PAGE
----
Hah, I realise my priorities are wrong but i'm weird like that :)



post #5 of 17
Originally Posted by fury View Post

....Can I assume that the performance of these will be much the same as any other VG10 knife? Essentially we're cutting with the same steel.


.....I guess the knives that interest me more are the Tamahagane San Damascus, as they can be had locally very cheap (about $200 for all 3)


....I guess i'm after the best value for money damascus steel knives without sacrificing on looks.

Hah, I realise my priorities are wrong but i'm weird like that :)


The performance of a knife has much to do with how thin they are overall and especially in the region of the blade following immediately behind the cutting edge and of course how well it's sharpened. So, all knives are made different and will work differently even when they are constructed from the same material. The tempering of the knife is also a big factor. My own experience is that the best performing one I know off is the Hattori HD followed by the Gekko. (I'm only speaking of knives I own and use of course).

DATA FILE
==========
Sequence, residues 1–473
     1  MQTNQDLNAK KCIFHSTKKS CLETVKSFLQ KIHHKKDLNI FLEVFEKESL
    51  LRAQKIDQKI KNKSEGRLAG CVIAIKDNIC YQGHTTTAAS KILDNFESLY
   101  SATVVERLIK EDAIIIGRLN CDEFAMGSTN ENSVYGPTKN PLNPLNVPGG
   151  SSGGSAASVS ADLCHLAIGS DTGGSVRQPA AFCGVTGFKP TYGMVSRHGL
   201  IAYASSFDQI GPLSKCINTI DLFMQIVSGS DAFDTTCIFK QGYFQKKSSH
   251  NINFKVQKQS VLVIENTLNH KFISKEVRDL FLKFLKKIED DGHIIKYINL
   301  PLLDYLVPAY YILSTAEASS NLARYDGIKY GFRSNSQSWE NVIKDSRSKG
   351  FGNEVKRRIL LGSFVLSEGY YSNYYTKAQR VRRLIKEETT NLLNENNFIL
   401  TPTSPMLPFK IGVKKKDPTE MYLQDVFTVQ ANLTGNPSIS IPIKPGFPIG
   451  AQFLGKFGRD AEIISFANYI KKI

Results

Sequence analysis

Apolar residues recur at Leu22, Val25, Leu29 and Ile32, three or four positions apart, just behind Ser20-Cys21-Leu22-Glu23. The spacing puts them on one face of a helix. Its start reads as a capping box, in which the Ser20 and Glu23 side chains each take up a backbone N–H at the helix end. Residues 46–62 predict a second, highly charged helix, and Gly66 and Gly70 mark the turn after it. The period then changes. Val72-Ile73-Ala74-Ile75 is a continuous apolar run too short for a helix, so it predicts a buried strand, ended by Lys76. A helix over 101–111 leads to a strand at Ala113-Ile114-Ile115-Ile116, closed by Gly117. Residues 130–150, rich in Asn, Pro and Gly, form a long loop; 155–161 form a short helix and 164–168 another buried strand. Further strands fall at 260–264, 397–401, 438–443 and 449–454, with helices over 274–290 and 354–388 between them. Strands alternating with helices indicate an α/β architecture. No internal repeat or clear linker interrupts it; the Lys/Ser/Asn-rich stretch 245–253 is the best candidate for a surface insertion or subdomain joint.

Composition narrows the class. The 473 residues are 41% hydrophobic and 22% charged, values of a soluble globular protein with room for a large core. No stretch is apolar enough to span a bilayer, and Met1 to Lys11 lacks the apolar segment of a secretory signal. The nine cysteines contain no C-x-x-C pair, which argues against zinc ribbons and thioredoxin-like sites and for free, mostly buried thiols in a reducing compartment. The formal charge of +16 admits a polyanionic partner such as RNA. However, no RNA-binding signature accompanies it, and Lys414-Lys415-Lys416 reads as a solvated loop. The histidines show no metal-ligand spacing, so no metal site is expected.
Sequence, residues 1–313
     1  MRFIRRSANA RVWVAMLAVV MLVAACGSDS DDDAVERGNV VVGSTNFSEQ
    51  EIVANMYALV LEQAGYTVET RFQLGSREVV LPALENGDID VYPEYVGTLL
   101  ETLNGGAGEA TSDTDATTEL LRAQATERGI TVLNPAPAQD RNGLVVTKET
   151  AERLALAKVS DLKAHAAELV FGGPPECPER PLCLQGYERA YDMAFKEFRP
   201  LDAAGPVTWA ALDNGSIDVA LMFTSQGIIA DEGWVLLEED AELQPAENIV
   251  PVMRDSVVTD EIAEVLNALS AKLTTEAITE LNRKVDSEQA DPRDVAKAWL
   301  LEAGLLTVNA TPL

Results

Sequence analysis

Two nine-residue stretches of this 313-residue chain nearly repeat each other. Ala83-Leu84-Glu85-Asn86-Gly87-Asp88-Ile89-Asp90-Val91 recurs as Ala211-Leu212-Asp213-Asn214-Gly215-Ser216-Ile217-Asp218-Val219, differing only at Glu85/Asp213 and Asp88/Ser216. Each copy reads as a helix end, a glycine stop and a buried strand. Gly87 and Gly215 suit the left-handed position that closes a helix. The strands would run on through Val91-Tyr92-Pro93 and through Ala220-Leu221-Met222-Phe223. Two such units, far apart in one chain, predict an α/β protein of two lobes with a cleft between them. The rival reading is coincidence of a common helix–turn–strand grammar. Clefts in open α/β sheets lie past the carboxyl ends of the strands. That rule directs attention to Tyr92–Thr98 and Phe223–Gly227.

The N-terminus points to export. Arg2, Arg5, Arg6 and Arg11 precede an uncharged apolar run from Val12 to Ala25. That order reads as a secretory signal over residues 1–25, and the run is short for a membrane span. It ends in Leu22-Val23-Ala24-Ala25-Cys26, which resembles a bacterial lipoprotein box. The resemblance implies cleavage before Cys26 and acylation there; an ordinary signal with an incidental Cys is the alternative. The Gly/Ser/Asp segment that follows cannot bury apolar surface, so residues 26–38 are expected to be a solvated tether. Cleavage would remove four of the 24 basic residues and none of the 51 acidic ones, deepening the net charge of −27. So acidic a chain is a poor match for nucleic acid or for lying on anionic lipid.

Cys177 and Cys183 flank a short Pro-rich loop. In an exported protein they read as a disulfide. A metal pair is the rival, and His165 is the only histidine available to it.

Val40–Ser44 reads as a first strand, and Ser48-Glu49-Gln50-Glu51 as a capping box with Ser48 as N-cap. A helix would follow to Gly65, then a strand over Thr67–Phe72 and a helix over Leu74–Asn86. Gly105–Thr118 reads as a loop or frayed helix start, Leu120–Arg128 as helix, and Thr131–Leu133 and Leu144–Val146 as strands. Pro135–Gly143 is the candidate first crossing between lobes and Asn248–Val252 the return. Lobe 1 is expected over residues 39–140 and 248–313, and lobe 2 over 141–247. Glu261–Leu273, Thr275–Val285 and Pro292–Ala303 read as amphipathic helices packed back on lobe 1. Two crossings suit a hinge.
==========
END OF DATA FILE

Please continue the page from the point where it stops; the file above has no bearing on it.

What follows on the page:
I believe you are talking about the Tamahaganes made by Brieto. I have this "bird beak" parer. Longest handle for a bird beak ever seen. Difficult to sharpen due to the shape of the knife.


Finally, I also always went my own way when buying knives and I don't regret it. And there's certainly nothing weird about having your very own priorities.


Picture; Tamagahane bird beak. The other one is a HiromotoAS santoku.



post #6 of 17